But once bitten, twice shy and all that. We said yes to the agency, we signed paperwork, we paid sums of money for treatment, but I felt very detached from it all. I just didn’t really engage with it. It was all taking ages, there were tests for her, tests for me, tests for B – the tests went on and on, the weeks and months went by. The process of getting our donor to the point where she could actually donate, that we’d been told would take three months, dragged on and on — if this were a film or TV programme, this is the point at which you’d see the leaves on the trees changing colour from autumn to winter to spring to denote the passing of time.Continue reading
So Saturday eventually rolled around and with it another egg retrieval procedure. My sixth. I’m almost blasé about them now. I kind of love the sedation (although after the last time I made sure to let the anaesthetist know that it would be just good manners to make sure I stayed sedated until after all digits and instruments had been removed from every orifice.)
It was a natural cycle and, despite my late night Cetrotide, it didn’t seem to interfere with the Ovitrelle, because they managed to retrieve one good-looking egg, which of course is cause for celebration because one is better than none. But in this game nothing is really cause for celebration. Or everything is. Because there are so many hurdles. And you have to clear all of them, in succession, to get to where you want to be. Continue reading
So when I started writing this post, it was a bit tongue in cheek, a bit “this is kind of what I’m thinking and I’m aware that it’s bonkers but let’s go with it because it’s quite funny.” I even opened it with the words “This is a bit of a weird post, but it’s something that’s slightly been gnawing away at the back of my mind, despite my sane and rational self telling me that I’m totally mental.”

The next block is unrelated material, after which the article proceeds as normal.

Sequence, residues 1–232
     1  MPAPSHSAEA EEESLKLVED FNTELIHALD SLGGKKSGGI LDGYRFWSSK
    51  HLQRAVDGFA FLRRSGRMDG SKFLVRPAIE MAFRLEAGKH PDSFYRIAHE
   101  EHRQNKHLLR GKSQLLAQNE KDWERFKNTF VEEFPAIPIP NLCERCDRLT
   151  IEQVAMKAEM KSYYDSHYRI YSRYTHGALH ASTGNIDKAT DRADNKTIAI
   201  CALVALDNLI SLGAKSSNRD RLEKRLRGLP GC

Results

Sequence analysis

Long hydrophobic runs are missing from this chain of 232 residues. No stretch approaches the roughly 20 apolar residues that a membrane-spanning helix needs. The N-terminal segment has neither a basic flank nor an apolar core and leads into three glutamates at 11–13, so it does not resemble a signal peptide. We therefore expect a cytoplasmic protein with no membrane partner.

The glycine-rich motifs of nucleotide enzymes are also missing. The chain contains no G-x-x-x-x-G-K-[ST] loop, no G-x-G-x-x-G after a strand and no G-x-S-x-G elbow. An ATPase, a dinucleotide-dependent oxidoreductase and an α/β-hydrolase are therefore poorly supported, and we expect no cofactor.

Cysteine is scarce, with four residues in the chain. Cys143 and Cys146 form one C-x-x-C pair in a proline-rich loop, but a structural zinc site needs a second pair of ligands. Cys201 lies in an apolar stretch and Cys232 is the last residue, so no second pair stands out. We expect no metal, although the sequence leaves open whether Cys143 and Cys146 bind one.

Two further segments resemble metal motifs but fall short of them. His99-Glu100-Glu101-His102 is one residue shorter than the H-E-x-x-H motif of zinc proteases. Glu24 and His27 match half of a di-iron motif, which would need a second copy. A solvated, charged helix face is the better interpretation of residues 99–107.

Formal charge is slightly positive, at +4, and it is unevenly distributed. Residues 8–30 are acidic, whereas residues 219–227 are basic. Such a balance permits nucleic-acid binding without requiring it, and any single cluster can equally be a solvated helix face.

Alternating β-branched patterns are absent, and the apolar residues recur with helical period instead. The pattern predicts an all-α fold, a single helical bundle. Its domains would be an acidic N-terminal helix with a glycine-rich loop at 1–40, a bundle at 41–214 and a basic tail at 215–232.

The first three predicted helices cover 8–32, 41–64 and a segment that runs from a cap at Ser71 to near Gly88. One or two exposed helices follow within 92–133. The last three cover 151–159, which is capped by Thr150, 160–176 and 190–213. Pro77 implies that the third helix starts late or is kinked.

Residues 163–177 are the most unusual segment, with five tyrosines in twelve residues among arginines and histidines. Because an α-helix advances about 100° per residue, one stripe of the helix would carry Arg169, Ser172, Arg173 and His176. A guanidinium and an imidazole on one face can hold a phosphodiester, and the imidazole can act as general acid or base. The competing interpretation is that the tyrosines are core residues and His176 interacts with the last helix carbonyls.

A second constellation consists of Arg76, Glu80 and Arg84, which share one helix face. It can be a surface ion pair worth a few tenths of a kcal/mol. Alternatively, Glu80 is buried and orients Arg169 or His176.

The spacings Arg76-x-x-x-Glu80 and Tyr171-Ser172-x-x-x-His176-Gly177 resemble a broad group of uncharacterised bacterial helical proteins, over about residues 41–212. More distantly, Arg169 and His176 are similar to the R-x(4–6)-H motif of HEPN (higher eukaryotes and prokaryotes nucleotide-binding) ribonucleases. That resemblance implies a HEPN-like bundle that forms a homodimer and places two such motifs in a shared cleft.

So as you may recall, the new plan was three rounds of IVF, the first of which helpfully kicked off when I was on holiday — oh the lolz, I can’t even. To start with there’s the fact I’m not drinking. I can get away with the health kick fallacy when I’m dressed — I’m 40 FFS I’ve had years of figuring out how to hide the lumps I hate and flaunt the bumps I don’t — but when I’m in a bikini and my stomach is Continue reading
…and maybe this is why it didn’t feel like last time, maybe this is why I felt disengaged, maybe because on some level, somewhere, I had some inkling that this was going to happen.
Because ‘this’ was the call that I got today, from a stranger that I’d never spoken to before (but more on that in another post, another time) telling me that of the five eggs that had defrosted successfully, Continue reading
Rather as I predicted, in my own head at least, little victories are often followed by little disappointments. Three days after the eggs were fertilised, only one was suitable quality for being transferred. It was a good embryo, they told me, eight-cells, grade 1 — they don’t get better than that, they told me. But the others, ah yes, the others — 3-cell, 5-cell and 6-cell with a lot of fragmentation.
I don’t really know what any of that actually means, apart from Continue reading
When you think about, it would be a total miracle. I mean, I know science has done everything possible to optimise the chances – I’ve been given hormones to optimise the development of my eggs; my thyroid function has been checked and tweaked; the – one assumes – weakest eggs will have been weeded out by the freezing and defrosting process; I’ve not just got any old sperm but sperm that has been rigorously – I hope – health-checked; and nobody’s left it to chance that this sperm will fertilise the eggs, Continue reading
I’ve been thinking this for quite a long time — in fact I feel like I probably wrote about it when I was freezing my eggs — but this whole thing from start to finish is, if you think about it, totally fucking insane. I have — to date — paid out the best part of £20,000 — twenty GRAND! And what do I have to show for it? I have taken SO MUCH on trust.
Seriously, think about it. Normally when you have medical treatment Continue reading
…well two days actually. Today was the day of my final egg collection and, maybe it’s because I’m still feeling the afterglow of a prosecco-fuelled celebratory lunch courtesy of my great friend, J, (N.B. I’m pretty sure medics don’t advise this as the best course of action post a sedated procedure, so do as they advise rather than as I do); or maybe it’s because this final cycle produced seven eggs – as many as my first two cycles put together; or maybe it’s because everyone I saw at the clinic today Continue reading